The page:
Words have meaning. Words can be defined in many ways – and can be misinterpreted in just as many ways depending on the context in which they are used. Have you ever had a conversation about ‘design’ with a development team only to find half-way through the conversation that you are talking about the UI… Continue reading Navigating Design in Transformation
Over the years I’ve seen the approach to innovation vary in organisations. Where organisations are design-led an innovative approach is part of the cultural fabric or ethos of the organisation. This can be seen in organisations like Apple and Tesla. It can also be seen in many start-ups, where a founder, in pursuit of defining… Continue reading Can teams “innovate” in organisations that aren’t design-led?
We all like to think of ourselves as responsible designers and researchers. We follow design methods that take into account our experience, we analyse data and we follow user-centred design methods that involve testing with our Customers. But designers who follow design methods don’t commission ALL research that is conducted. Research is often commissioned by… Continue reading Conduct user research WITH – not ON – your Customers
Micro experiences can be delightful artefacts to design and use. They are designed with care and crafting and seen as completely standalone pieces of functionality that are meant to delight in their simplicity and usefulness. But how standalone are most pieces of functionality? How often are these small, simple pieces of functionality part of a… Continue reading Delivery, inertia and the micro-experience in UX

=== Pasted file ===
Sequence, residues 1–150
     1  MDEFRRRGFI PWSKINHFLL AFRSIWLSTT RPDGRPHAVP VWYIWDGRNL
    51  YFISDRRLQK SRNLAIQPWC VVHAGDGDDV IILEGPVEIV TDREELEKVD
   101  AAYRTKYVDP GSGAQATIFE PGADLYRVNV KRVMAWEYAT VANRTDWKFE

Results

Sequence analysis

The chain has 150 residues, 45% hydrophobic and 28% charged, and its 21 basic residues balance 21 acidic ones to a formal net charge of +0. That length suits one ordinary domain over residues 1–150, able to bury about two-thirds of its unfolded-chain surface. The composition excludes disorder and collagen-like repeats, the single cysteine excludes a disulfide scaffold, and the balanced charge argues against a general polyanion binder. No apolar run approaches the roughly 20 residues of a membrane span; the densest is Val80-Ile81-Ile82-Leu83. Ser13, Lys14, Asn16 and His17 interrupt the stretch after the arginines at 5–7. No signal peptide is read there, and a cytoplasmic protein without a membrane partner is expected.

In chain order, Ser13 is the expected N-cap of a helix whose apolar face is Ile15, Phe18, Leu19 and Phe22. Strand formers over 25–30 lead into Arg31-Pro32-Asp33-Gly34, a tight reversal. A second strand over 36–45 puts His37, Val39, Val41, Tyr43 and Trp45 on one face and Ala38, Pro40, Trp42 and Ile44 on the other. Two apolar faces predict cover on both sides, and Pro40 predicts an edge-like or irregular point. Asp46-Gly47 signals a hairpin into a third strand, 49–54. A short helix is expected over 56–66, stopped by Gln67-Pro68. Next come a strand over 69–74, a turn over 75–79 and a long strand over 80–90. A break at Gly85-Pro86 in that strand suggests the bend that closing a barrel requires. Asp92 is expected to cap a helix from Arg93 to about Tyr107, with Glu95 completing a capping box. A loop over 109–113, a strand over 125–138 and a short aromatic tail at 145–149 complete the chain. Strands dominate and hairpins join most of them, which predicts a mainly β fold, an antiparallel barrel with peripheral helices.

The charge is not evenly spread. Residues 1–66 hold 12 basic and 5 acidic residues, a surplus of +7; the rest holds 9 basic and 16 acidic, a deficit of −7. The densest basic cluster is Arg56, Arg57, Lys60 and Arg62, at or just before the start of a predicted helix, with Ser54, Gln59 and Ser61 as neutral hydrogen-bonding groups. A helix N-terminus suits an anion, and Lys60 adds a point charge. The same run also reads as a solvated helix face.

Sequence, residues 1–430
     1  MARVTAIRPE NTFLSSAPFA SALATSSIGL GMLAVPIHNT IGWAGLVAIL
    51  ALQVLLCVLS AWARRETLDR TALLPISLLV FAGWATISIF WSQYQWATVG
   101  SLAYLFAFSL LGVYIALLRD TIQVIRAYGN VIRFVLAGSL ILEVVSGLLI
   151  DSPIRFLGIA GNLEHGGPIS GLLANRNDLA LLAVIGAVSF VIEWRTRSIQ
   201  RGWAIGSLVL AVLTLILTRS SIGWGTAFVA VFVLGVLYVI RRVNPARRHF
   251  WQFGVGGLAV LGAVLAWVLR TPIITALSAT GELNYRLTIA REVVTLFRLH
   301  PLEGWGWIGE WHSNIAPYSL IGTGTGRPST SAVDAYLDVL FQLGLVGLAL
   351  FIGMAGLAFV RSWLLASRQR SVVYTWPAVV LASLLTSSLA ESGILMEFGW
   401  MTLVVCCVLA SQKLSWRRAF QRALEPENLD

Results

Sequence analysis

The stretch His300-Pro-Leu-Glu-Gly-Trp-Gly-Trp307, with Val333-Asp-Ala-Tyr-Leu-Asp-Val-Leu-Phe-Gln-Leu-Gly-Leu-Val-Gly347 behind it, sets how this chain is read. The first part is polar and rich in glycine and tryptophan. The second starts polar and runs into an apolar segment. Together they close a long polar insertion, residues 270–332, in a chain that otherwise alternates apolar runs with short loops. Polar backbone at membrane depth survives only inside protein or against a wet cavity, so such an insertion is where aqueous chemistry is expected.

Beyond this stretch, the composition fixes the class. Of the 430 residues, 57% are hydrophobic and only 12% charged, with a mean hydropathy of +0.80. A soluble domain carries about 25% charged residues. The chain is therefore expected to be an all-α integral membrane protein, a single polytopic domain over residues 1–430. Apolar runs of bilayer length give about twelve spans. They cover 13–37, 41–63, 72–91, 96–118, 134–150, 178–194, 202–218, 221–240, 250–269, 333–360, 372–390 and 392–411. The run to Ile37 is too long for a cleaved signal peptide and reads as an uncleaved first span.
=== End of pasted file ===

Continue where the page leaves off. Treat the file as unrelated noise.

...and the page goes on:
“Ever tried. Ever failed. No matter. Try again. Fail again. Fail Better.” Samuel Beckett Fail fast is a nice alliteration – which is one of the many reasons I think it has gained such momentum in the product design space. “Succeed fast” or “iterate quickly” doesn’t roll off the tongue nearly so well. Fail better… Continue reading Is your organisation ready to “fail fast”?
In my experience it never fails that many stakeholders come to usability testing with the question of “will” vs. “can” Customers use their products or services. It’s a natural and desirable outcome of conducting user research. A positive answer can lead to acceptance of a business case, sign-off on a product launch, or pre-mature glory… Continue reading The importance of understanding “will” vs. “can” in usability testing
It’s a cool, sunny late Autumn Sunday morning. You live in the countryside; the nearest village is a mile away. It’s been a while since you bought a Sunday paper. But for some reason, you want one. Instead of getting in your car, as you normally might to do to drive the mile to the… Continue reading Whatever happened to discovery?
When car manufacturers design a new automobile, they develop requirements, conduct research, draw designs, make scale models, test scale models in wind tunnels, computer model their ideas, build full-scale prototypes, test them, and iterate the designs – all of this before putting them into production. What they don’t do is go right from drawing them… Continue reading Prototyping as an ethos